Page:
“In 1981, I wrote a piece for John Walsh [Inside Sports magazine] called, ‘The Year George Foster Wasn’t Worth 36 Dollars.’ When the long baseball strike came in the summer of 1981, some of the baseball writers started writing about their Rotisserie teams and what they were missing. That helped spread it more.
“Bantam Books started publishing an annual that we wrote. I tried to get Walsh [then running ESPN] to do more of it on ‘SportsCenter,’ but he said only 1½ percent of their audience was into it.’’
Okrent estimates that he has made less than $15,000 lifetime from the concept the fantasy founding fathers trademarked as “Rotisserie League Baseball.”
“The one thing we could protect was the name,’’ said Okrent. “But in our effort to protect the trademark somebody came up with the generic term: fantasy. That was in the late 1980s. The next big leap was the arrival of the Internet. That was the thing that made it truly widespread and deep in the culture. It became so easy to play and the stats were there and you could follow your teams really closely and people built websites around it.’’
And now it has taken over the sports world.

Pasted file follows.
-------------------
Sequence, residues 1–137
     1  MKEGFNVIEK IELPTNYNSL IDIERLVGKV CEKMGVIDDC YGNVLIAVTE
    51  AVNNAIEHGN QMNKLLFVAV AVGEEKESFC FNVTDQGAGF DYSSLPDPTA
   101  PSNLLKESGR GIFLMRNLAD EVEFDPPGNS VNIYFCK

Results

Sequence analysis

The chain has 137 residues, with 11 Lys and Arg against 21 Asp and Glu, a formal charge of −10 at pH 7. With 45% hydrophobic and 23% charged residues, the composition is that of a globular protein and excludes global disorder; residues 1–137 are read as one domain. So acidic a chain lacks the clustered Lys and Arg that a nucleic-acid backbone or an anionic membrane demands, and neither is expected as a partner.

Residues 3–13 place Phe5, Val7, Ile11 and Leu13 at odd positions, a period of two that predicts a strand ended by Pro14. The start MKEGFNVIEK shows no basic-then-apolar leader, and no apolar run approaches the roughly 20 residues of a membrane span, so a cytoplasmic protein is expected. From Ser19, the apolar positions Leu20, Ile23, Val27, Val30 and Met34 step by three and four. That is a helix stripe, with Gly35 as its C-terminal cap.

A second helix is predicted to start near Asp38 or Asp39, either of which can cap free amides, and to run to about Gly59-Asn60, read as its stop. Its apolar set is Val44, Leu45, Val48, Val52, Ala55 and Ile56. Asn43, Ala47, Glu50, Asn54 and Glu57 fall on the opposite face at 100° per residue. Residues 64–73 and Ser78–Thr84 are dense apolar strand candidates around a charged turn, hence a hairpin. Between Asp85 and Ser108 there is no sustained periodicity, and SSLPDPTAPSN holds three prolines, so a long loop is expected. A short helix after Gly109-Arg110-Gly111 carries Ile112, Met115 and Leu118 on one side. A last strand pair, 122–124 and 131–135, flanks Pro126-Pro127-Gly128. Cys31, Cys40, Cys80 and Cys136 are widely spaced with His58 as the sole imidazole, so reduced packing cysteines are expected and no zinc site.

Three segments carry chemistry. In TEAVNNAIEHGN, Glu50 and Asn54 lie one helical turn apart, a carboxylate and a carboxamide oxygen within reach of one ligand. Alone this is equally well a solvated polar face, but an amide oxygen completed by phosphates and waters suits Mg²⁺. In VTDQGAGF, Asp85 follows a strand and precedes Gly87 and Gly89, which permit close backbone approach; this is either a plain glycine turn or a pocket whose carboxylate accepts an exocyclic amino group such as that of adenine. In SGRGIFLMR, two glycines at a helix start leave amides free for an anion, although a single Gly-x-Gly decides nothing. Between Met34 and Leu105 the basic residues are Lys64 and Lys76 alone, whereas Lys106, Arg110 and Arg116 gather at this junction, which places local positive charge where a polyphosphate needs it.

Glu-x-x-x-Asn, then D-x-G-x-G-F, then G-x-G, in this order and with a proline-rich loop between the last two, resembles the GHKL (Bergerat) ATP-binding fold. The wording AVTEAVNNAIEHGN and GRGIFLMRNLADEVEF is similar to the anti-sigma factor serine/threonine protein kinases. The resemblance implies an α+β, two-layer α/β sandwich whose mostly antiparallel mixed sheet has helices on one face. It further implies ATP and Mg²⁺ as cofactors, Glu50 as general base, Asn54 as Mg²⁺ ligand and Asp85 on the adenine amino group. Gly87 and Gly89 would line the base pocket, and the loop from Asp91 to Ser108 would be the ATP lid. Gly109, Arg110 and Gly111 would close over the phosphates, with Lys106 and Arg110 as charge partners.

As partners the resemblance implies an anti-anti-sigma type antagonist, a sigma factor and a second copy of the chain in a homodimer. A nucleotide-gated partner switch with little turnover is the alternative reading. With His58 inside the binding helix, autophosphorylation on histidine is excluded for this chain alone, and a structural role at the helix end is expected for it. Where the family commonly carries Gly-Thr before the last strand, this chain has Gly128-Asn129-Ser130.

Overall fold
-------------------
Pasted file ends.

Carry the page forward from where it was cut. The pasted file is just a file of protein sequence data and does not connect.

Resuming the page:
“I got used to the fact decades ago that somebody else would make the money from this,’’ said Okrent. “I’m not entirely indifferent. I’m bemused.’’
What about the key question that big league teams/leagues and media partners avoid? Does the man who invented fantasy think it is really gambling?
“Of course it is,’’ said Okrent. “The distinction people are making . . . ‘it’s a game of skill.’ Well, poker is a game of skill. Blackjack in a casino is a game of skill. Picking horses is a true game of skill, and nobody would pretend that that’s not gambling.
“I’m sure when Congress exempted fantasy sports, they were thinking of 10 guys sitting around a bar and making a bet. They weren’t imagining this.
“The hypocrisy of people like [Robert] Kraft and [Cowboys owner Jerry] Jones [both partnered with DraftKings] investing in this while they make the speeches about sports betting is preposterous. I don’t see how they can do this with a straight face. They see their chance and they’re going to grab it.’’
Last week, it was learned that an employee of DraftKings made $350,000 with FanDuel on a $25 bet in a competition that included almost 23,000 entrants. Suddenly there is scrutiny.
“This was so ripe for corruption,’’ said Okrent. “This scandal didn’t surprise me at all. My guess is there’s a much bigger scandal underneath this. In the race to make a buck, nobody stopped to think about the possibilities.”
The possibilities are infinite, but after decades of phony posturing about the evils of sports betting, big league teams and commissioners from all four major sports have temporarily found a way to get a piece of the action. All in the name of “fantasy.’’
Fantasy it is. But the walls are closing in, and things will have to change. Insider trading is only the beginning of this mess.